I emigrate, what happens to my unsecured debt?

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You can emigrate and not pay your short term / unsecured debt. When you emigrate, the country you are emigrating to will not do a credit check on the country of which you were originally a citizen and will not check whether you have paid off your debt.

However, as a citizen of a country, there is a moral and ethical obligation on yourself to do what is right and pay off your debt. You don’t want to reap what you haven’t sown.

Here is an example scenario to help you with your question:

A couple left South Africa to live in London and acquired citizenship after the prescribed period for living there on an ancestral visa. They walked away with debts, taxes owed to Sars, and credit card debts with the bank they banked with. In addition, they benefited from retirement pensions (RA) which they made available; they were under 55 and therefore could not “retire” from their RA. The proceeds of an RA can be paid to the member upon official proof of emigration. When the couple acquired citizenship, they asked for their released RAs to be paid to them.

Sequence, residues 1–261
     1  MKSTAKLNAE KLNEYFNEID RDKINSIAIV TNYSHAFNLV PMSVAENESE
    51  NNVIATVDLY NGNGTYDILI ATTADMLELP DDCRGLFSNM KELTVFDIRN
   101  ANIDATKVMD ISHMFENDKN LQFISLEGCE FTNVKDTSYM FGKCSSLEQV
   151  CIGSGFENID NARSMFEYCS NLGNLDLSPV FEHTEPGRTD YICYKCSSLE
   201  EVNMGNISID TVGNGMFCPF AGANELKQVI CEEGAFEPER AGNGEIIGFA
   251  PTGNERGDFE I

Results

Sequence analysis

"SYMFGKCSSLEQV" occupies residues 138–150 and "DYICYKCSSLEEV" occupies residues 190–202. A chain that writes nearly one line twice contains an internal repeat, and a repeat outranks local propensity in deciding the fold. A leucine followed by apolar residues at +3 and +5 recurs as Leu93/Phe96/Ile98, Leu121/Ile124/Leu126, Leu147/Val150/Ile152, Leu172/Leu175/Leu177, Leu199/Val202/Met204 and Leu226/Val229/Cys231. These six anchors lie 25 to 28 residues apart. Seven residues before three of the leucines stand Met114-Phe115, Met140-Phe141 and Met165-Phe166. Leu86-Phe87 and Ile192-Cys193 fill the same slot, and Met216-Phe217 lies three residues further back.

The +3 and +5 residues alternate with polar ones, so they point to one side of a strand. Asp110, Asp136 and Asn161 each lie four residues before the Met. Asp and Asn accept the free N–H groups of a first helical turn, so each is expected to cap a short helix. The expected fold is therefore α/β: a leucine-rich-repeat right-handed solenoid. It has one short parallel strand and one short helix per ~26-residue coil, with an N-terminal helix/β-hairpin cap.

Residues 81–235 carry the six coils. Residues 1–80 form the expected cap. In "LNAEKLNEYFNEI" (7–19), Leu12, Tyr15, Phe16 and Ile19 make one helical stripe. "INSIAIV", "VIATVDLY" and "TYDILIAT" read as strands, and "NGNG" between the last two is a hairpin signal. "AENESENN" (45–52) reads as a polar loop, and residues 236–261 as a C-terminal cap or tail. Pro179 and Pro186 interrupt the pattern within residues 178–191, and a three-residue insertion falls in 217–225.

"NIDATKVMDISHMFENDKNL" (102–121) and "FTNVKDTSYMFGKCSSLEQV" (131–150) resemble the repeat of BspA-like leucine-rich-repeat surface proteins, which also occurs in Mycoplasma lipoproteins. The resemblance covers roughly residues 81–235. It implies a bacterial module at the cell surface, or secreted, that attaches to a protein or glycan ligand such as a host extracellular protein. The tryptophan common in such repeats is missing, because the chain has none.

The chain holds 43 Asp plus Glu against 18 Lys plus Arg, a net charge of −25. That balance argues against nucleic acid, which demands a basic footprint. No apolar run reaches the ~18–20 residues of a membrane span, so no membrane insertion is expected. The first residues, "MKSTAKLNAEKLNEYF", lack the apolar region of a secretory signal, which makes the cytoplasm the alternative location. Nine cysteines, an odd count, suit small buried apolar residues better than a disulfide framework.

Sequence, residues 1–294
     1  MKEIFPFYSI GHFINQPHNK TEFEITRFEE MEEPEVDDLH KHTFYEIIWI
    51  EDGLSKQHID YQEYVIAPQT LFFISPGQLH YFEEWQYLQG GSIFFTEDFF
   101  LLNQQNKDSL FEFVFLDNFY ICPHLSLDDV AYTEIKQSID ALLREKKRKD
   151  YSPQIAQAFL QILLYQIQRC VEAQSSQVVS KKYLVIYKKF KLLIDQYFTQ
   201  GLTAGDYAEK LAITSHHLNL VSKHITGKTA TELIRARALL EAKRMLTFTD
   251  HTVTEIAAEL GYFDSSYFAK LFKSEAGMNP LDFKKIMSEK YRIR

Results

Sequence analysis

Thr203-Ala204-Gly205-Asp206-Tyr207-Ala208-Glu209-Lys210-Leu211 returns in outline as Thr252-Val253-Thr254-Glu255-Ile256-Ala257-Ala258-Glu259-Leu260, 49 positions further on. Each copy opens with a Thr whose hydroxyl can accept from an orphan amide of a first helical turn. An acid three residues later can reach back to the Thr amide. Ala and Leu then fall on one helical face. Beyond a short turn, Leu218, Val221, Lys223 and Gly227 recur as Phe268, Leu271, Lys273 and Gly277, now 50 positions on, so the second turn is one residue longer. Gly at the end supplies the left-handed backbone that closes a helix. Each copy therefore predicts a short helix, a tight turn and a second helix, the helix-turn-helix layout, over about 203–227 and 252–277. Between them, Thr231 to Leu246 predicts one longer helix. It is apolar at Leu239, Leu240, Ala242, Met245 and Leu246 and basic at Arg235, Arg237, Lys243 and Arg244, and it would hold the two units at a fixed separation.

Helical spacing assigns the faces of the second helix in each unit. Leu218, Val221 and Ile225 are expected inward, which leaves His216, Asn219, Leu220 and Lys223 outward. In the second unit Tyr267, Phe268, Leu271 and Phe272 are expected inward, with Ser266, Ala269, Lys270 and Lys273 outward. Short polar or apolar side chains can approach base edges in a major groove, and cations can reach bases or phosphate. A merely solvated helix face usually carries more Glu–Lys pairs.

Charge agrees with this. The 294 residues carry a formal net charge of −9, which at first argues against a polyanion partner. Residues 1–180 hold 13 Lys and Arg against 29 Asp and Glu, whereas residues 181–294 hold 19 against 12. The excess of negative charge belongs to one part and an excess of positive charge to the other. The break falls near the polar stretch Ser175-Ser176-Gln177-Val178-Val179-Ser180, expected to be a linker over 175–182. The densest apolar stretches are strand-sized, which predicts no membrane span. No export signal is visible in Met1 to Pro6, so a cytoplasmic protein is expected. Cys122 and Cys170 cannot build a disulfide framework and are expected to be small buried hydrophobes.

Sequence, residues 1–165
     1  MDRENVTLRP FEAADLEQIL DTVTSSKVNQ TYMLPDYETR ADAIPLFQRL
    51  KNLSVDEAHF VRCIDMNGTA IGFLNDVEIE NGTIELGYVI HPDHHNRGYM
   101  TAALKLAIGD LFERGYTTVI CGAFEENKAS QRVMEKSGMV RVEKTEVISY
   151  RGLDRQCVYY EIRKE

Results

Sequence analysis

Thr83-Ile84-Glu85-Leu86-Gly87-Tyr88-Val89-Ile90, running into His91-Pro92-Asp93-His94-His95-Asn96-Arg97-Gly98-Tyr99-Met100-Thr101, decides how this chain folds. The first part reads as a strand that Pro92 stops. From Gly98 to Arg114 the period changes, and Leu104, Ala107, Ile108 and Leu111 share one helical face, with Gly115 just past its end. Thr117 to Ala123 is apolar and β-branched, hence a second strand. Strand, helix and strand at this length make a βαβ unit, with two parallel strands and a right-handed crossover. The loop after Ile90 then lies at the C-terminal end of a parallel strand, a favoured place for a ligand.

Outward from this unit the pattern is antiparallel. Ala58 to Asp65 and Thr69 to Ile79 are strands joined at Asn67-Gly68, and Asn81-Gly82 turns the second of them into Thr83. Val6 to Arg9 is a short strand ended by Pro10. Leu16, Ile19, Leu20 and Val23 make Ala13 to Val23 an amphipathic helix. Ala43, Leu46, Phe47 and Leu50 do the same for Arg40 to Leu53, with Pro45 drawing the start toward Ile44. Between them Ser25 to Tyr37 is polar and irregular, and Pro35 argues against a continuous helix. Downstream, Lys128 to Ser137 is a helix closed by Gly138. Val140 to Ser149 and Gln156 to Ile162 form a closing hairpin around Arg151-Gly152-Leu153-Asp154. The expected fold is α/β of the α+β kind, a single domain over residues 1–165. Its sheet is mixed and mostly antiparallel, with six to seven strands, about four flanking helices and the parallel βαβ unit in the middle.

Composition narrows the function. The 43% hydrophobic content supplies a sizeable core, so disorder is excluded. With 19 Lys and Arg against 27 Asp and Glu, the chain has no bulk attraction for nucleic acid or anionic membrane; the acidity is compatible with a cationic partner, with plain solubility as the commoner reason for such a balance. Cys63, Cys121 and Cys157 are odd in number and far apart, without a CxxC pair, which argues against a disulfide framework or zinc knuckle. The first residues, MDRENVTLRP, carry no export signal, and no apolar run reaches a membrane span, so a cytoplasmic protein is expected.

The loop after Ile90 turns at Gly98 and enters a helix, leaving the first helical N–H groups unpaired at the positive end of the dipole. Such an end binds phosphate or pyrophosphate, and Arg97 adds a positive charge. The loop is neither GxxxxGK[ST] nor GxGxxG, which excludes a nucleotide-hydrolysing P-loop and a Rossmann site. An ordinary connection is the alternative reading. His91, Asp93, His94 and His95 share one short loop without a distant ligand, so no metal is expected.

In order to be paid for the product of his RA, the customer had to provide various documents, including a tax certificate. The bank he was dealing with prior to his departure demanded the settlement of an overdue credit card with interest and attorney fees for debt collection. The customer’s bank, after all overdrafts / credit cards had been settled, asked the Reserve Bank to open a blocked account. A blocked account is required to pay amounts owed by banks, insurance companies, savings accounts, etc. and then to facilitate payment to the emigrant.

In addition, when he requested a tax certificate, his income tax returns had not been filed since the couple left SA, and he had to appoint an accountant to settle his tax, and pay the tax due. Sars plus penalties, in order to acquire a tax certificate.

Finally, many people are leaving South Africa and leaving their parents behind.

In this case, parents could pass on and leave an inheritance to their children who now live abroad and who have not “officially” immigrated. This will indeed create a scenario in which the children will have to return to South Africa and open bank accounts to receive the inheritance. Think of the Fica here, an unpaid debt, potentially blacklisted, or forced to officially immigrate: all of this will cause a delay in the liquidation of the estate.

In conclusion, you don’t have to settle your unsecured debt in the short term, but that would be unethical and morally wrong. If you leave the SA with investments that you can only transfer when you emigrate, any outstanding debt / taxes etc will appear at some point during this process.


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